I group read Sorcery of Thorns finally and was able to chat about it finally. I valued the group’s perspective and it helped me put my finger on how I felt about the book too. P.S. I read 6 whole books off my shelves this month!!
This is a great YA fantasy that had lots of YA inconsistencies. I’m trying not to think about it too hard
Bookish Quick Facts:
- Title: Sorcery of Thorns
- Series: n/a
- Author: Margaret Rogerson
- Publisher & Release: Margaret K. McElderry Books – June 2019
- Length: 464 pages
- Rate & Recommend: 🌟🌟🌟🌟 for YA Fantasy fans and books about books
Here’s the synopsis via GoodReads:
All sorcerers are evil. Elisabeth has known that as long as she has known anything. Raised as a foundling in one of Austermeer’s Great Libraries, Elisabeth has grown up among the tools of sorcery—magical grimoires that whisper on shelves and rattle beneath iron chains. If provoked, they transform into grotesque monsters of ink and leather.
Then an act of sabotage releases the library’s most dangerous grimoire, and Elisabeth is implicated in the crime. With no one to turn to but her sworn enemy, the sorcerer Nathaniel Thorn, and his mysterious demonic servant, she finds herself entangled in a centuries-old conspiracy. Not only could the Great Libraries go up in flames, but the world along with them.
As her alliance with Nathaniel grows stronger, Elisabeth starts to question everything she’s been taught—about sorcerers, about the libraries she loves, even about herself. For Elisabeth has a power she has never guessed, and a future she could never have imagined.
Alright so overall, without over thinking this, I enjoyed it for the most part as a YA fantasy. It’s mostly fast paced with plenty of action, magic books, and demons who are the best characters.
It’s a magical gaslight era fantasy where books are living things with breakable hearts and women aren’t held in very high regard. Sorcery has a bad reputation, as do grimoires, and the main theme of the book is about uncovering the nature of things despite their appearances or what society says. Knowledge is power – a great YA theme.
The characters are… Ok. Elisabeth is literally a strong, tall, hard to kill woman, and Rogerson avoided MarySue-ing her by not bringing other girls into the picture in comparison. Her special traits ended up having a feasible explanation.
Nathaniel is supposed to be a typically dark, brooding man, but even in completely inappropriate situations (danger, levity, middle of a battle) he always seems flippant and ready to banter. He did have some extremely serious moments but then would snap out of it real quick and I mean heck he just wasn’t believable 90% of the time.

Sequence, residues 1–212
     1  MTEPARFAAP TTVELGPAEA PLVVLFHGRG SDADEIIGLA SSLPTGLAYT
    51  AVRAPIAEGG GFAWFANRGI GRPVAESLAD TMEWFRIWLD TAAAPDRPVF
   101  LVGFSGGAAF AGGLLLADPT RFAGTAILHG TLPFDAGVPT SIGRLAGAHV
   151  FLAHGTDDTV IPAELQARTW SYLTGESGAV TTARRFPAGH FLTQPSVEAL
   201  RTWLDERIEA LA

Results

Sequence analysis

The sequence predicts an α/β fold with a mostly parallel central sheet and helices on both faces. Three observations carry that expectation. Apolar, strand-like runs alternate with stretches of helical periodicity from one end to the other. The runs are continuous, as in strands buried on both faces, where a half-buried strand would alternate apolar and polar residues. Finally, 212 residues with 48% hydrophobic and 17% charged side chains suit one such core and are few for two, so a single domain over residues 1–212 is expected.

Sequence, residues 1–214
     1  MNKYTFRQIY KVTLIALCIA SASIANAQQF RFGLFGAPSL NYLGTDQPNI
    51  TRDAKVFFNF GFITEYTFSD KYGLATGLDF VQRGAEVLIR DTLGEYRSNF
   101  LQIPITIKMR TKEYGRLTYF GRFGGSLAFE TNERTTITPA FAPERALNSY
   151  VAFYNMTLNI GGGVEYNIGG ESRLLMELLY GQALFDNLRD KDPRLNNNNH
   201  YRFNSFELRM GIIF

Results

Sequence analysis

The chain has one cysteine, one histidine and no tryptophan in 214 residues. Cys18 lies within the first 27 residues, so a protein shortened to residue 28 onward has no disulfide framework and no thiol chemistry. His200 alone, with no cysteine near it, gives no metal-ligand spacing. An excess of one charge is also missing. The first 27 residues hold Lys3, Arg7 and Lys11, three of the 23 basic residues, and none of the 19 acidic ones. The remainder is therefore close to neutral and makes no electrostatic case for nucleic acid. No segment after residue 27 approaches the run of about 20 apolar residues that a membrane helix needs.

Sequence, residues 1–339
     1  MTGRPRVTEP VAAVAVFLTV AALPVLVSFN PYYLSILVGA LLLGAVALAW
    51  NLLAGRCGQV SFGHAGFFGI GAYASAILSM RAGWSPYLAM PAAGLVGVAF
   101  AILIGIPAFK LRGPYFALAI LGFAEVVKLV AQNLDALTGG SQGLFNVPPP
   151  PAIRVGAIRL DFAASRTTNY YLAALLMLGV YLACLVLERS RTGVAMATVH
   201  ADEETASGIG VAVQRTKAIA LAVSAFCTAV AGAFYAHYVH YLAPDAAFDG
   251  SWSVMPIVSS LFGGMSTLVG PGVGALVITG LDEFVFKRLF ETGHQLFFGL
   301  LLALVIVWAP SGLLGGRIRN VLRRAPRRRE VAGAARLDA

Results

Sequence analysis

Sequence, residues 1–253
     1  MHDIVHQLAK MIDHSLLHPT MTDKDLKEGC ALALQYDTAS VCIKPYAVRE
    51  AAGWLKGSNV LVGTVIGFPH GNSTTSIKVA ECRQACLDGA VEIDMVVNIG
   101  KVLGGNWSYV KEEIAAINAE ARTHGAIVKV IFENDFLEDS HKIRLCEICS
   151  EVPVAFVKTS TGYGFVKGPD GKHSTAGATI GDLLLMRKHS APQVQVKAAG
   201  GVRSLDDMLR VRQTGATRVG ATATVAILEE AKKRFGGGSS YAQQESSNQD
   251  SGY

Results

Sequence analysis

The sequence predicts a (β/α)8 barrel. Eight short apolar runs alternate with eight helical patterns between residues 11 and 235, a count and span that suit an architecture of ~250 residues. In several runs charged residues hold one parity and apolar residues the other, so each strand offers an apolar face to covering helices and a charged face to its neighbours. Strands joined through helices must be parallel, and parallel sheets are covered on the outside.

The banter was funny though, like legitimately funny so it’s hard for me to layer this enjoyable comic dialogue over some of the scenes it was occurring during. The dark scenes at night though – ok, ok, there were some good ones.
Now I’m joining everyone else who thought Silas saved the day entirely. All my highlights were Silas related. If for no other reason besides magic books, read the book for Silas.
P.S. hello we have another Garth Nix copycat. Silas in cat form and Silas in general really reminded me of Mogget. Can anyone think of a white cat/demon/magic familiar before Mogget? I can’t for sure, but can name about 5 since!
I also didn’t love the sorcery magic but the demon to owner magic was cool, and, omg the books. If you’re not reading for Silas, read for the books. Books and atmosphere. Rogerson loves atmosphere and went over the line at times with purple prose, but sometimes I enjoyed it.
Anyway – I did the positives first, now let me do the negatives. I docked a star because while it was super YA even in the most serious moments – or most of them anyway – the characters went from like two quick kisses, to clothes off, mad quick, in a gaslight fantasy era where I’m sure Elisabeth would have had reservations.
Gaslight – think stagecoaches and insane asylums and women being diagnosed as insane because they read books. Which then becomes SUPER INCONSISTENT because some of the library directors are women, as are lots of the apprentices and wardens and librarians. Now we know the libraries aren’t cut off from social prejudice because they don’t like sorcerers, but they randomly allow women in while a huge point was made elsewhere that women were treated …. poorly. It is the biggest plothole inconsistency ever. Plus it’s apparently totally cool for Elisabeth to just live with Nathaniel and ignore all social norms, right lol.
Sooo I’m trying hard to stick with 4 stars and not overthink this because I did enjoy it while reading. I didn’t love it but for a YA audience I think it’s a good bet